The younger son, sat in the House of Commons from 1660 to 1679 and was created Viscount Teviot in the Peerage of Scotland in 1685. The senior branch of the Spencers is represented by His Grace Jamie Spencer-Churchill, 12th Duke of Marlborough, direct descendant via the eldest male-line of Sir John Spencer, knighted by King Henry VIII in 1519 while the cadet branch of the family, the Spencers of Althorp who descends via the male-line from the younger son of the 3rd Earl Sunderland is represented by The Right Honorable Charles Spencer, 9th Earl Spencer. Robert Spencer, 2nd Earl of Sunderland was Lord President of the Council from 1685 to 1688 and a Knight of the Garter, his son Charles, 3rd Earl of Sunderland, was Lord-Lieutenant of Ireland, Lord Privy Seal, Secretary of State for both the Northern and Southern Departments, Lord President of the Council, First Lord of the Treasury and a Knight of the Garter. His second wife was Lady Anne Churchill, the second daughter of the distinguished soldier John Churchill, 1st Duke of Marlborough.
After Churchill's death in 1722, the Marlborough titles first passed to his eldest daughter Henrietta to Anne's second son, Charles. After the death of his elder brother, Robert, in 1729, Charles Spencer had inherited the titles of 4th Earl of Sunderland and Baron Spencer of Wormleighton as well as the Spencer family
Barnardo's is a British charity founded by Thomas John Barnardo in 1866, to care for vulnerable children. In the late 20th century, it was implicated in the scandal involving British children sent abroad as child slaves; as of 2013, it raised and spent around £200 million each year running around 900 local services, aimed at helping these same groups. It is the UK's largest children's charity, in terms of charitable expenditure, its headquarters are in Barkingside in the London Borough of Redbridge. The National Incorporated Association for the Reclamation of Destitute Waif Children otherwise known as Dr. Barnardo's Homes was founded by Thomas Barnardo, who opened a school in the East End of London to care for and educate children of the area left orphaned and destitute by a recent cholera outbreak. In 1870 he founded a boys' orphanage at 18 Stepney Causeway and opened a girls' home. By the time of his death in 1905, Barnardo's institutions cared for over 8,500 children in 96 locations, his work was carried on by his many supporters under the name Dr. Barnardo's Homes National Incorporated Association.
Following societal changes in the mid-20th century, the charity changed its focus from the direct care of children to fostering and adoption, renaming itself Dr. Barnardo's in 1965. Following the closure of its last traditional orphanage in 1988, it took the still simpler name of Barnardo's; the official mascot of Barnardo's is a bear called Barney. The Duchess of Cornwall is the current patron of Barnardo's, its chief executive is Javed Khan. There was controversy early on with Barnardo's work, he was accused of kidnapping children without parents' permission and of falsifying photographs of children to make the distinction between the period before they were rescued by Barnardo's and afterwards seem more dramatic. He confessed to the former of these charges, describing it as'philanthropic abduction' and basing his defence on the idea that the ends justified the means. In all, he was taken to court on 88 occasions on the charge of kidnapping. However, being a charismatic speaker and popular figure, he rode through these scandals unscathed.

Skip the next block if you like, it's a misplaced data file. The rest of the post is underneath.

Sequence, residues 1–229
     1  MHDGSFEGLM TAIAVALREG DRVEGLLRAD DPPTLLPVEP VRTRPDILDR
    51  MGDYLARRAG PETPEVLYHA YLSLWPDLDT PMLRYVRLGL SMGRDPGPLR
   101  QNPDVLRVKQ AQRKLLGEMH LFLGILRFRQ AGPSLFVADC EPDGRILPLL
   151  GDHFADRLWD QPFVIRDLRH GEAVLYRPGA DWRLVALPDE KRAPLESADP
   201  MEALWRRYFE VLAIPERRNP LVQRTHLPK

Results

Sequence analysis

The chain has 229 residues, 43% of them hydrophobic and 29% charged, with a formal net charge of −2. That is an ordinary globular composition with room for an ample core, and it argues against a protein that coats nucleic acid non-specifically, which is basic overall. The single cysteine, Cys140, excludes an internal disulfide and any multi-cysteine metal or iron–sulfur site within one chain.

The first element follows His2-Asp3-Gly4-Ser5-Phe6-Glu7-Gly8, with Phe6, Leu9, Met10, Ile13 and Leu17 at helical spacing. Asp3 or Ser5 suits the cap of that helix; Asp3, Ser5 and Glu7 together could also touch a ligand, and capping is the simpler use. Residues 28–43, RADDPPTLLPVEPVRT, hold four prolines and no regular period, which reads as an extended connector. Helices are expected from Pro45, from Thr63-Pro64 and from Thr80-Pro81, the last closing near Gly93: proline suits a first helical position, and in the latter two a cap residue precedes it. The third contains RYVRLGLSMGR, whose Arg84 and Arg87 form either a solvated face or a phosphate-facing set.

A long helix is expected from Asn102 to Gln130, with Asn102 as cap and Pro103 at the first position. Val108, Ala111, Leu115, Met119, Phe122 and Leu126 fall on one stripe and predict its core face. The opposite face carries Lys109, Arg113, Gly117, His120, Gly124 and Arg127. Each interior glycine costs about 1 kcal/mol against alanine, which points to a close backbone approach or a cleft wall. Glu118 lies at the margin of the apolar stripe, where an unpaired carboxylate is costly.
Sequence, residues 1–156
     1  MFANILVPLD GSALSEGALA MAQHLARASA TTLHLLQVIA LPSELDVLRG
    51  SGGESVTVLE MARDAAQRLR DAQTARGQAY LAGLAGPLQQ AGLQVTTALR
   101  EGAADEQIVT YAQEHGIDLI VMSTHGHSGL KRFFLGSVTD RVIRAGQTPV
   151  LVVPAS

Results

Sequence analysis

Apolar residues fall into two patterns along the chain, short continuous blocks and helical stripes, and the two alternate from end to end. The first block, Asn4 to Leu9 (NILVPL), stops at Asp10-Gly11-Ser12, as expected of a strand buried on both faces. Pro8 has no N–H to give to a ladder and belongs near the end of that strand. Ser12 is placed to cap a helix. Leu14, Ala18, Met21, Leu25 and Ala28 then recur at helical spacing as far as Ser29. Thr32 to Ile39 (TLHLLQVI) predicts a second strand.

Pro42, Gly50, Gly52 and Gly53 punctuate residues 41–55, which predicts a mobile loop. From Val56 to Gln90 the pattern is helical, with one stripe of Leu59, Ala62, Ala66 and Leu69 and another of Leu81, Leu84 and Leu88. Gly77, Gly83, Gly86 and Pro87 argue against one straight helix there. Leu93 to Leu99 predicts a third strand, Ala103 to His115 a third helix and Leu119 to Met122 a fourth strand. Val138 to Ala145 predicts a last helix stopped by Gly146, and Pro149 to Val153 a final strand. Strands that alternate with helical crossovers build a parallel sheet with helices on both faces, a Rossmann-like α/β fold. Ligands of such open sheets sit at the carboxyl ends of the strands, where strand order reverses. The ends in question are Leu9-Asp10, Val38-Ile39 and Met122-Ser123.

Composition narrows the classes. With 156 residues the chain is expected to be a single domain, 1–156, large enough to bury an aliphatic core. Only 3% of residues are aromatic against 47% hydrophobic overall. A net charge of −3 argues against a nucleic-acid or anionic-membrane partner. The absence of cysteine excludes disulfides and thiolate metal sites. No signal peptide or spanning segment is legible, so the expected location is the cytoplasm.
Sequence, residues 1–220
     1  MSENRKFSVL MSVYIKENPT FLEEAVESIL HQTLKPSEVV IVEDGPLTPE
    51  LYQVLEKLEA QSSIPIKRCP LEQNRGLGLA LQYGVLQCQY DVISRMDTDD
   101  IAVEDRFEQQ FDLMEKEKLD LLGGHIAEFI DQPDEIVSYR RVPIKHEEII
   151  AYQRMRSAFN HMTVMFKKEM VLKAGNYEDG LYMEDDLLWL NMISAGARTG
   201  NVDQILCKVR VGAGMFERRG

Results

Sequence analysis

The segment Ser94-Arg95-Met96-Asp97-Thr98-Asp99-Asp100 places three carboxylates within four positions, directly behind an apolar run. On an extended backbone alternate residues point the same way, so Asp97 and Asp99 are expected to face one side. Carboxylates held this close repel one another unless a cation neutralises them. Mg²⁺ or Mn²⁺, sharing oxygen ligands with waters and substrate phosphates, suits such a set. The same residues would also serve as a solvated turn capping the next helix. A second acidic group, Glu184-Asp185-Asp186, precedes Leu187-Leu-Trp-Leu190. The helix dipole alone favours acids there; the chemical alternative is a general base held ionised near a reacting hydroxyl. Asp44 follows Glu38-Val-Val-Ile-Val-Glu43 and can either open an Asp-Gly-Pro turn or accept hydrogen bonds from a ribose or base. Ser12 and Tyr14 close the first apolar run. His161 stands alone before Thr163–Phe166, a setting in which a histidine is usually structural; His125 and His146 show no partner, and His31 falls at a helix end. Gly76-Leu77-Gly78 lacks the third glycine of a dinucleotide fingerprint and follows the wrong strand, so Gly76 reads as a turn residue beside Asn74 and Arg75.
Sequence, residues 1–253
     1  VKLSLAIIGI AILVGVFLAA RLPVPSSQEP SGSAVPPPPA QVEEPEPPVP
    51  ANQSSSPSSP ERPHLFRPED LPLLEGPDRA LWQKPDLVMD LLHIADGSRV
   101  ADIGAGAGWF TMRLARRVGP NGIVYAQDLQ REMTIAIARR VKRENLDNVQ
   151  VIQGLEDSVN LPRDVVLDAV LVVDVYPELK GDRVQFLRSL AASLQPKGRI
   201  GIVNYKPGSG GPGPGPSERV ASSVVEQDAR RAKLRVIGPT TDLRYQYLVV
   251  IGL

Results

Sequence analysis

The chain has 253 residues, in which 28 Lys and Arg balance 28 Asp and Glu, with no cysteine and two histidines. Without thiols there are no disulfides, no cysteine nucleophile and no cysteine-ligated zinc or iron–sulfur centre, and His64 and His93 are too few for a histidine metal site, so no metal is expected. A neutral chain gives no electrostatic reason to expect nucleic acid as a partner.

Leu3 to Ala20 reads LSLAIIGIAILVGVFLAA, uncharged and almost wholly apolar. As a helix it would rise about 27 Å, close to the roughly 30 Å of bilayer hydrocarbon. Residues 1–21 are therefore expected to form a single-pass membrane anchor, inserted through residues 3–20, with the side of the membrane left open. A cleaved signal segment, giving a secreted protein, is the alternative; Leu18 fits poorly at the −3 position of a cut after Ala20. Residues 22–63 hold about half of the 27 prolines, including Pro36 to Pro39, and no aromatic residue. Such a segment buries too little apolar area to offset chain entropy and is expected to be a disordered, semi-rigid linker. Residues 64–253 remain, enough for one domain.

Other charges brought against him included presenting staged images of children for Barnardo's'before and after' cards and neglecting basic hygiene for the children under his care. Between 1945 and 1974, Barnado's supported and participated in colonisation policies that saw around 150,000 children exported to imperial colonies where they were abused and neglected. Barnardo's has used advertising campaigns to raise attention for its work. A 2003 advert which featured a new-born baby with a cockroach crawling out of its mouth was subsequently banned by the ASA. In 2008 its'Break the cycle' TV advert featuring a girl being hit around the head by her father prompted a number of complaints but was cleared by the ASA which said the imagery was justified, given the context. In 2009 Martin Narey Chief executive of Barnardo's, stated that he believed that more children should be taken into care; this statement caused considerable controversy as historical references were made by journalists to Barnardo's original practice of'philanthropic abduction'.